Eating late at night won’t make you fat

 
Laura Williams
FIT IN THE CITY

AS YOU return from Easter, balking at the thought of bearing all on the beach in a few weeks time after the year’s annual chocfest, make sure you don’t fall into one of the clichéd diet traps. Here are my favourite weight loss myths – debunked.

When you diet, your body goes into starvation mode
Your body does become more efficient at burning calories when you create a deficit and as a result weight-loss can sometimes slow, but not much. The fact is: if you’re consuming fewer calories, you will lose fat. Full stop.

Carbs are the enemy
Carbs contain just four calories a gram and are the food group most likely to keep you feeling fuller for longer. While protein and fat are essential too, it’s carbs that aid in everything from helping to maintain a good attention span to providing you with a good night’s sleep – definitely not the thing to be shunning. However, there are good carbs and bad carbs: fibre-rich foods like pulses, whole grains and fruit and veg are the good guys.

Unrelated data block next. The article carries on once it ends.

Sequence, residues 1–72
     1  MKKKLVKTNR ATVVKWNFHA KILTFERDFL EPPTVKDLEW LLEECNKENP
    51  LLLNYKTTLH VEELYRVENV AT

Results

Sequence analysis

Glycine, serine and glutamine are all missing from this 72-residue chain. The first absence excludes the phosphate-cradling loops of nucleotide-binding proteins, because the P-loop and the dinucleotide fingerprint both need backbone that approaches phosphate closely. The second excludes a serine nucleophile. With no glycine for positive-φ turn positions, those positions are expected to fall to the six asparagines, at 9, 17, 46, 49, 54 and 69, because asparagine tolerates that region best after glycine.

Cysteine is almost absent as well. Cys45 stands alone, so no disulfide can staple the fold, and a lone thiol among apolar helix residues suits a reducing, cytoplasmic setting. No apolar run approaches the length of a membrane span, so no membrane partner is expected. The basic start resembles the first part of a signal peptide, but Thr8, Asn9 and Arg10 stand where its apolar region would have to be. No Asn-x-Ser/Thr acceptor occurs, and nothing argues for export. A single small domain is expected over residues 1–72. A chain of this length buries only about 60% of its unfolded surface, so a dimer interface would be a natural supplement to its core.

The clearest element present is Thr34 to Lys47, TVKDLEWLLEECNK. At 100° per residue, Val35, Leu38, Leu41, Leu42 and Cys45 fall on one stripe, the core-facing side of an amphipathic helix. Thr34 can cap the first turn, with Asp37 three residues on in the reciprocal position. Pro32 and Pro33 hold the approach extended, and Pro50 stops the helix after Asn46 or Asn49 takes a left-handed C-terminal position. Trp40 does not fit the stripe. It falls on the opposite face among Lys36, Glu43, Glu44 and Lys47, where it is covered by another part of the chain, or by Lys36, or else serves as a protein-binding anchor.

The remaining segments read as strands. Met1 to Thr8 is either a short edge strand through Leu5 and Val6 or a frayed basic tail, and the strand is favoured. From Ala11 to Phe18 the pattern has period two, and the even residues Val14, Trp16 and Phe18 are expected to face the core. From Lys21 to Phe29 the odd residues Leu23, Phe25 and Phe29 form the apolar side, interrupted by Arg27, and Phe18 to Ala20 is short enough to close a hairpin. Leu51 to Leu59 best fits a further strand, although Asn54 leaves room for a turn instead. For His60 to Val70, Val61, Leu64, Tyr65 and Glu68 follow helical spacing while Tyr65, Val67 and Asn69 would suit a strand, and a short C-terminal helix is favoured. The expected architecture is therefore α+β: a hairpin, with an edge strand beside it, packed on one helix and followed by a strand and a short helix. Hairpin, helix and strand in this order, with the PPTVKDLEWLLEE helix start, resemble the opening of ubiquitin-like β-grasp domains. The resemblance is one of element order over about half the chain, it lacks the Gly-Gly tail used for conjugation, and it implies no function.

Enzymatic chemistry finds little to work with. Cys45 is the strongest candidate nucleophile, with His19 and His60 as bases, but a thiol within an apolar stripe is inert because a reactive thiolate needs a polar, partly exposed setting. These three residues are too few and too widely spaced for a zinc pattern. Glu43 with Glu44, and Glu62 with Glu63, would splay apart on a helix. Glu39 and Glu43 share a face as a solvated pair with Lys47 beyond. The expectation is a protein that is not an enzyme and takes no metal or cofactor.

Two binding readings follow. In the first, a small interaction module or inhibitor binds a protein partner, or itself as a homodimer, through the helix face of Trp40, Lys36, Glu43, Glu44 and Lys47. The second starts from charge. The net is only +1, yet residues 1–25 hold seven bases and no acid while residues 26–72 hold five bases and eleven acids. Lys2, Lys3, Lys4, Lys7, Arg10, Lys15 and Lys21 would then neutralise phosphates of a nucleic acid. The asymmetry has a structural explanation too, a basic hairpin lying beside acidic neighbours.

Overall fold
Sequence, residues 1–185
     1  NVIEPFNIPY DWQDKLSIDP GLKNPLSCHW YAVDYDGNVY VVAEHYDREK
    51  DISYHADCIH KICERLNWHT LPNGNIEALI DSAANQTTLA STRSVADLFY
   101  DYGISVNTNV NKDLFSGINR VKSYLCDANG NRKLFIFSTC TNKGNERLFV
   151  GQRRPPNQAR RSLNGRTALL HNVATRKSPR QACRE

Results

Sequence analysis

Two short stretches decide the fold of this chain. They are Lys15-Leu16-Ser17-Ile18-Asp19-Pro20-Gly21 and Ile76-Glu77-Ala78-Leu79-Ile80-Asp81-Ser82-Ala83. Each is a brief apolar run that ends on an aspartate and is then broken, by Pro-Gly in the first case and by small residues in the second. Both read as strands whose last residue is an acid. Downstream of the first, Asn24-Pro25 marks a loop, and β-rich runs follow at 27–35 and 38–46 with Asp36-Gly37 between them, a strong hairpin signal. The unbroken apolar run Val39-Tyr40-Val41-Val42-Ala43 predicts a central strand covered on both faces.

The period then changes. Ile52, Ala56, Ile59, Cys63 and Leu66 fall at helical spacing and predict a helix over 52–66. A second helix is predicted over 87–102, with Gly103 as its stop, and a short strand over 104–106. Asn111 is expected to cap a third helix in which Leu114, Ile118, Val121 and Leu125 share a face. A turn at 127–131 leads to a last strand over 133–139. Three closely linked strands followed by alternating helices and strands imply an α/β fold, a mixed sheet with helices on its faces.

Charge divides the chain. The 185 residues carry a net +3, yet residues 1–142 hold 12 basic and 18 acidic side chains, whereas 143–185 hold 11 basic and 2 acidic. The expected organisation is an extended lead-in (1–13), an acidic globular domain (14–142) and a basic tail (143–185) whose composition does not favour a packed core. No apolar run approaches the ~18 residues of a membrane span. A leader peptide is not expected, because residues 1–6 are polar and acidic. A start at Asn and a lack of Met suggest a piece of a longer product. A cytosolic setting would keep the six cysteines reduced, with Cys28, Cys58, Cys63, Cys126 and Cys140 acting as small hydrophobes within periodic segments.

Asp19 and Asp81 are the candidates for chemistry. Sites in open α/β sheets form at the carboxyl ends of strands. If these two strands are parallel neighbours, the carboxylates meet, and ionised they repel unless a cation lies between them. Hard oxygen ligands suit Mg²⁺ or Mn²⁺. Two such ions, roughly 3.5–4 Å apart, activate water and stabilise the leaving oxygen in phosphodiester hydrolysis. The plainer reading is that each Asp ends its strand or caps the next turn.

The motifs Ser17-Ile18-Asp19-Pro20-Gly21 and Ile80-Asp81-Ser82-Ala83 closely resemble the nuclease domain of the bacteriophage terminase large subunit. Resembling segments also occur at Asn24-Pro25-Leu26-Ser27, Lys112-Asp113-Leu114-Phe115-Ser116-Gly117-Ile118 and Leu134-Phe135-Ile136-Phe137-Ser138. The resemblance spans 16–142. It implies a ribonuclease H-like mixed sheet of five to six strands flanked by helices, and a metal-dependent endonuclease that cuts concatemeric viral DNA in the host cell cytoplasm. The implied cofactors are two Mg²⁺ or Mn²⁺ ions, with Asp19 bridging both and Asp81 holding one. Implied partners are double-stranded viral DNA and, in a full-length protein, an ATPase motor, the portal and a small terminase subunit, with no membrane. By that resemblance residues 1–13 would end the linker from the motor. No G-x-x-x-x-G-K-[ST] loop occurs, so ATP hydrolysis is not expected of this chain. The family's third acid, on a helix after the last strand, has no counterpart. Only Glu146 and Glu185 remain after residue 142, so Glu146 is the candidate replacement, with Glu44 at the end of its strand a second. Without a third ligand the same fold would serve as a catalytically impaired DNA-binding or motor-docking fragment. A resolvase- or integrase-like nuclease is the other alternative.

If you exercise regularly, you can eat what you like
While exercise has a very beneficial effect on the waistline (it burns lots of calories and raises your metabolic rate so you’re burning calories even when you’re not exercising), it’s certainly not a green card to eat what you like. To lose a pound of fat through exercise alone, you’d need to run 35 miles. It is better to restrict calorie intake and exercise.

Diets don't work
Diets work beautifully. Most diets involve calorie restriction in some form, even if they’re dressed up as low carb, and when a big enough deficit’s created, you will lose weight. What doesn’t work is resuming your old style of eating that forced you to diet in the first place – if you return to habits like big portion sizes, endless snacking, and high cal treats you’ll regain the weight.